It was a sobering sight to see Governor Jerry Brown standing on a dry brown patch of grass instead of on top of several feet of snow as he delivered a speech regarding the severe California drought. In his speech, Brown ordered local California municipalities to cut water use by 25% as part of mandatory drought restrictions. This order is due to the fact that the 20% voluntary cut in water that was requested a year ago failed.
California is going to need to make some serious changes as a result of the drought. Some changes will be such as the cities will have to stop watering the roadway median strips that run in the center of the city’s streets. The state will also work with local water agencies towards the removal of 50 million square feet of grass. The grass will be replaced with a drought-tolerant plants and landscaping.
Artificial grass will be a drought friendly alternative that can help keep the cities looking green while saving water. The whole article from the LA Times can be read at the link below.
“Standing in a brown field that would normally be smothered in several feet of snow, Gov. Jerry Brown on Wednesday ordered cities and towns across California to cut water use by 25% as part of a sweeping set of mandatory drought restrictions, the first in state history.
The directive comes more than a year after Brown asked for a 20% voluntary cut in water use that most parts of the state have failed to attain, even as one of the most severe modern droughts drags into a fourth year. It also came on the day that water officials measured the lowest April 1 snowpack in more than 60 years of record-keeping in the Sierra Nevada.
Wearing hiking shoes and a windbreaker in an area that normally requires cross-country skis this time of year, Brown announced the executive order in a Sierra Nevada meadow that provided a dramatic illustration of the state’s parched conditions.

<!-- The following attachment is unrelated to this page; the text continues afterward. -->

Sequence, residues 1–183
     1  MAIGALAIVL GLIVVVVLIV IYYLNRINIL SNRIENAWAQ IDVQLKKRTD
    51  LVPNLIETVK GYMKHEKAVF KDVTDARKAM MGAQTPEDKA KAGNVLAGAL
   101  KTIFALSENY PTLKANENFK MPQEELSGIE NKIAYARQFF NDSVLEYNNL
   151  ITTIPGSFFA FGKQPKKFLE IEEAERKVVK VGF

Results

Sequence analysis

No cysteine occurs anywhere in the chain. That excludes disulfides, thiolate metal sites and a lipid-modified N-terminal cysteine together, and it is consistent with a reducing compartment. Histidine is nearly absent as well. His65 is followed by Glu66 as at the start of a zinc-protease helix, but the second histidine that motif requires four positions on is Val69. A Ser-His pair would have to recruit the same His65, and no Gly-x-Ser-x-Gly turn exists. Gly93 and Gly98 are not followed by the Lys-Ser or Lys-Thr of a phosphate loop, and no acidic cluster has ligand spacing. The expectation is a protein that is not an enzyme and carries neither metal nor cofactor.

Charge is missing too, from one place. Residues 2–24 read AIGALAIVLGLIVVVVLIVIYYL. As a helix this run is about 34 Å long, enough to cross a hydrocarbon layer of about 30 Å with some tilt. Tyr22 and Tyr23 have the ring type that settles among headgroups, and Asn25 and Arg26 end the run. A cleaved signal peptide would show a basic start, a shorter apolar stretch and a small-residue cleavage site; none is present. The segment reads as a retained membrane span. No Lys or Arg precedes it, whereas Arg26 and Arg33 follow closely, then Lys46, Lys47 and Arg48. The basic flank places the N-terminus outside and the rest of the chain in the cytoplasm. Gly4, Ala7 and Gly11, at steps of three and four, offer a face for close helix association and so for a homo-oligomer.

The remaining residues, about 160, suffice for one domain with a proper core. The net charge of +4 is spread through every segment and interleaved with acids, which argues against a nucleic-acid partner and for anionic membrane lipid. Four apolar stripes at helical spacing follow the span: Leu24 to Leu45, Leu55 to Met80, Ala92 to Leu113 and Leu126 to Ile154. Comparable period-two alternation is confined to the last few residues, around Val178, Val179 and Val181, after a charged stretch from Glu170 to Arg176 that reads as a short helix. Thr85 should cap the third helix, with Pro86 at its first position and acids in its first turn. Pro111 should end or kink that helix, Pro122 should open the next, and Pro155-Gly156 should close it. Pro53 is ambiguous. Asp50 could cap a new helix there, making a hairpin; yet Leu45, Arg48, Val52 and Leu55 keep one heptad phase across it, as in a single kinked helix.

We’re standing on dry grass,” Brown said. “We should be standing on five feet of snow.”
Emphasizing that the drought could persist, Brown said Californians must change their water habits. “It’s a different world,” he said. “We have to act differently.”
The order focused on urban life even though agriculture accounts for roughly three quarters of Californians’ water usage. Cities have to stop watering the median strips that run down the middle of roads. The state will partner with local agencies to remove 50 million square feet of grass — the equivalent of about 1,150 football fields — and replace it with drought-tolerant landscaping.
State agencies will create a temporary rebate program to encourage homeowners to replace water-guzzling appliances with high-efficiency ones. Golf courses, campuses and cemeteries must cut their water use. New developments will have to install drip or micro-spray systems if they irrigate with drinking water. Water agencies will discourage water waste with higher rates and fees.
The order aims to reduce the amount of water used statewide in urban areas in 2013 by 25%. Some critics of Brown’s order said it didn’t do enough to address agricultural uses. Adam Scow, director of Food & Water Watch California, called the order disappointing.
“The governor must save our groundwater from depletion by directing the state water board to protect groundwater as a public resource,” Scow said in a statement.
Felicia Marcus, chairwoman of the State Water Resources Control Board, said the measure isn’t about “finger-pointing”…“It’s about everybody having to step up in these tough times.”
The water board will release draft regulations in mid-April to implement the order. It plans to approve the regulations in early May. Marcus said local agencies will receive targets for cutting water use based on how well they’ve done so far Local agencies that have been slow to conserve since then will feel the order’s effects most dramatically, Marcus said.
“You’re rewarding the early adopters … and you’re saying to the laggers, ‘You have to make a change,’” she said. Most of the burden of enforcement will fall on local agencies. If they don’t follow the governor’s order, the state can fine them as much as $10,000 a day.”
Read Full Article Here http://www.latimes.com/local/lanow/la-me-ln-snowpack-20150331-story.html#page=1